Happier Than Pigs in Mud

Coming from a long line of people who lived in the South, and then marrying a man who comes from a long line of people in the South, you would think I’d be prepared for every Southern slang and phrase to pop up at inopportune times. But no, this weekend took a whole new spin in the stuff-you-don’t-wanna-hear category: happy as a pig in mud.

Our oldest offspring had a cross country meet more than three hours away. Of course, she also had to be there at eight am. We overslept because we’re cool like that, jumped in the car with the youngest still wearing just the T-shirt she slept in, and headed off to the competition.

Somewhere around the town of Junebug (yes, the town’s official name is Junebug and they have a mayor AND a Miss Junebug pageant), it started to pour down rain. The coach texted everyone on the team from the venue and told us the race had been delayed.

Once we arrived and the race was underway, our daughter’s category was the seventh event. That means that some four hundred runners in each category in each of the six prior categories…carry the one…subtract three because it’s Tuesday…that means that a bazillion people had already run on the wet, muddy course, tearing up any hope of actual grass on the course and along the spectator side. By the time we arrived and got out of the car, we slopped ankle-deep in mud.

Back up: yes, we took my new car. The new car that has all kinds of rules for the passengers, rules which include no sneezing or burping in the car. There’s no eating or drinking and there is definitely NO MUD ALLOWED.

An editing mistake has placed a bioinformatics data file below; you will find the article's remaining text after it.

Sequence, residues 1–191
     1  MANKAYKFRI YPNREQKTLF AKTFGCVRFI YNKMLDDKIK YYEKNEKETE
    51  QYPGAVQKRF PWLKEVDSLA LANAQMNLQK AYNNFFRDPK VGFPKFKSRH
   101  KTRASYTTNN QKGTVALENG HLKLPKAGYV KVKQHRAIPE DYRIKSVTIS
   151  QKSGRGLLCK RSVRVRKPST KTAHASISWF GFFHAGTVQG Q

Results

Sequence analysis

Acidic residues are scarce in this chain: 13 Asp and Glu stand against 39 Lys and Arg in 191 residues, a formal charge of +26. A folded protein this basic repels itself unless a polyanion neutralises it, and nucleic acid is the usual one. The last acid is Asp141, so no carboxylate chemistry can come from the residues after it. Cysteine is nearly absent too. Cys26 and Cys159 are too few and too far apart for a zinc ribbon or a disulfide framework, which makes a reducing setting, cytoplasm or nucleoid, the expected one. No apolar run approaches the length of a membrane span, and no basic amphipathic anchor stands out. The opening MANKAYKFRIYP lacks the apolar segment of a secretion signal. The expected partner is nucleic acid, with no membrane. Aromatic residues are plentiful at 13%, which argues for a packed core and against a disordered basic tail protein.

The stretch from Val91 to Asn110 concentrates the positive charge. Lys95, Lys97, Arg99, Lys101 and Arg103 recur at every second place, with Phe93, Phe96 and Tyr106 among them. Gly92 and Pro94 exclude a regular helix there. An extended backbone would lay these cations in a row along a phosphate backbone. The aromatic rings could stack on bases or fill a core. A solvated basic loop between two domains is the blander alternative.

So it was really a shock to my family when we slogged our way back to the parking lot, filthy from head to toe and picking the mud out of our teeth, when I announced, “I saw a Starbucks on the Interstate, we can walk there and clean up before getting in the car.” I knew before I spoke that no one was going to take me up on that offer, least of all the child who had just set a new personal best in her three-mile race, but I at least thought they could pretend to entertain the idea before shooting it down. They were a little surprised, though, when I held up the key fob and ceremonially locked the doors until they all stripped their muddy clothes off and put them in the garbage bad I held out.

Luckily, the nearby town of Junebug has several major food franchises. And just as luckily, no one in the town of Junebug minds if tourists come into the restaurant wearing only car blankets from the waist down.  They’re just happy as pigs in mud that we spent our tourist dollars there.

You’re not getting in my car. Ride home with the pigs.

8 thoughts on “Happier Than Pigs in Mud

  1. We have a very old car, my wife has an allotment, the kids are messy and have been for the 8 years we’ve owned the car. The car smells of fertilizer, rotting chocolate and my teenage son’s damp trainers. Mud would be an improvement.

  2. hooray for a personal best! Mom of 4 suggests– Let the mud dry and brush it out. Just don’t try to clean it up while it is still wet. Also you can go to Lowe’s and get tyvek coveralls and keep them in the car for emergencies. DH tried to invent tear off plastic bags with drawsstrings at the neck and arms to keep the grandchildren clean until we could get to grandma’s house.
    Congrats to Lorca’s daughter!

  3. I love it. Reminds me of ye olde fast pitch softball tournament days – out the door at 3 a.m. in order to arrive at the field by 7 a.m. Gaaaaaa! No mud, just hot as an oven.

  4. Up in Jersey, we have a similar phrase…we just use another type of brown stuff that pigs have been known to roll around in. Either way, you handled it much better than I ever could.

    • I don’t know, I’m not really proud of myself for making the kids ride on the roof rack til we got to a gas station to clean up. 🙂

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